Wall Street Journal columnist Kimberley Strassel has been on the trail of the sole exemption from the mandate for refineries to purchase federal ethanol “credits” awarded this year. She’s identified the refinery:
The dispensation amounts to a significant financial favor to one lucky player, as I wrote in the Journal on Friday. Further reporting has revealed that the refinery is Alon USA Energy’s ALJ -0.49% Krotz Springs facility in Louisiana. There’s reason to wonder
why Krotz Springs alone got a deal.
The EPA maintains a program that allows “small refineries”—those with an average capacity of less than 155,000 barrels of crude daily—to apply for a hardship exemption from the mandate. Krotz Springs was one of four refineries that applied for 2013. The other three—Hunt Refining in Alabama, Kern Oil & Refining in California and Placid Refining in Louisiana—are small, privately held concerns. The biggest, Placid, has a capacity of about 57,000 barrels a day, according to January statistics from the federal Energy Information Administration.
Krotz Springs has a capacity of 80,000 barrels, so it meets the definition. Then again, Krotz Springs is just one of Alon’s five refineries, which are located in Louisiana, Texas and California, and have a combined capacity of about 215,000 barrels. A New York Stock Exchange-listed company, Alon isn’t exactly a mom-and-pop outfit.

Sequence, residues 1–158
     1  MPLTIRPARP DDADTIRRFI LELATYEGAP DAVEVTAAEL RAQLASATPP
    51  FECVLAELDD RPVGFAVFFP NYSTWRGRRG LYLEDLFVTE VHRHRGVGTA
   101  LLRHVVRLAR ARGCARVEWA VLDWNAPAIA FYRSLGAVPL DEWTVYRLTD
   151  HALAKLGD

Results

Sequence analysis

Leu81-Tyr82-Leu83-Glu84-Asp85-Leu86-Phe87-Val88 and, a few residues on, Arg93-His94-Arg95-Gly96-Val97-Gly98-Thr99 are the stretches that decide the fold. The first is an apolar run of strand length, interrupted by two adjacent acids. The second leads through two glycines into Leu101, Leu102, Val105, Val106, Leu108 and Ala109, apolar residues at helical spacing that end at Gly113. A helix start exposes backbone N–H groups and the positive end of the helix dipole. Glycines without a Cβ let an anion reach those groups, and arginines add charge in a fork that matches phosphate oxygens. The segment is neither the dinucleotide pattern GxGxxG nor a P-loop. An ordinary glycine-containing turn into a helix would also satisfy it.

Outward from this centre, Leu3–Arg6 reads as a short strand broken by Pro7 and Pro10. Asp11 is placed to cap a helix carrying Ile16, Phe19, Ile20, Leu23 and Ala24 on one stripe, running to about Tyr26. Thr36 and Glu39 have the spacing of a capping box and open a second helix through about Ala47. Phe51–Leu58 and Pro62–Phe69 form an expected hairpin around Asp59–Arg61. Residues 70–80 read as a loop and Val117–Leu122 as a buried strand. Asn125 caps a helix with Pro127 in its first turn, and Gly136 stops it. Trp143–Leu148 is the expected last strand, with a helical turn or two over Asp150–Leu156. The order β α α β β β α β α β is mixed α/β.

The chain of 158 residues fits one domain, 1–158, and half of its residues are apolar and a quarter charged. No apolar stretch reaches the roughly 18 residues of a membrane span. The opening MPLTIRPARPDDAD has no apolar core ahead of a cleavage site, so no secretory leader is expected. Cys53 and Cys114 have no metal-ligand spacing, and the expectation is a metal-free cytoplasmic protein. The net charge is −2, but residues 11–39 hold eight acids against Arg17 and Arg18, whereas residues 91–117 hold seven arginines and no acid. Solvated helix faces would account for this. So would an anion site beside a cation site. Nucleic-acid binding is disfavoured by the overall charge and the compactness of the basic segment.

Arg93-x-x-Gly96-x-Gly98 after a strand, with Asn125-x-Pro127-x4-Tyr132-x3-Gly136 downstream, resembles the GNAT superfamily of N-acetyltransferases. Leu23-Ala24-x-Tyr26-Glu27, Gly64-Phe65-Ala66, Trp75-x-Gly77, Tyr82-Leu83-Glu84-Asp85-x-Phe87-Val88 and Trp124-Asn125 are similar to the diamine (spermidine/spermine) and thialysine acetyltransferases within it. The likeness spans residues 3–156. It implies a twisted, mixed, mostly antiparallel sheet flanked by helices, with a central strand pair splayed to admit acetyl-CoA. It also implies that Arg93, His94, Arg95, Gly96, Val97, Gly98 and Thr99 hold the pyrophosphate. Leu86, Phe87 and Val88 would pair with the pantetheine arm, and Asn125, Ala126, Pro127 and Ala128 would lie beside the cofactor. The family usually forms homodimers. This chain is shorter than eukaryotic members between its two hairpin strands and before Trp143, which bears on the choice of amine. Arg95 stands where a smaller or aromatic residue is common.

As it turns out Alon, alone among the companies that applied for exemptions, was able to hire professional lobbyists to work the halls of power:
Lobbying disclosure records show Alon paid $60,000 in the second quarter of 2013 to the Manatt, Phelps & Phillips firm. This was the same quarter when Alon filed for its exemption. The records show that Manatt lobbied in the House and in the Senate for Alon on the sole issue of “renewable fuel standards.” Alon didn’t report any appreciable lobbying expenses for the year preceding the quarter. The records also did not turn up similar lobbying efforts by other refineries applying for an exemption.
If you are going to have such mandates and you determine to grant exemptions from them, the exemptions should be based on objective criteria. Not on discretion.
The company with the deepest pockets will inevitably be able to pay more to get their exemptions. That’s one of the reasons that corporate power is becoming so centralized. Natural economies of scale have less to do with it than the political advantages that scale confers.
Under the circumstances discretion is just another word for corruption.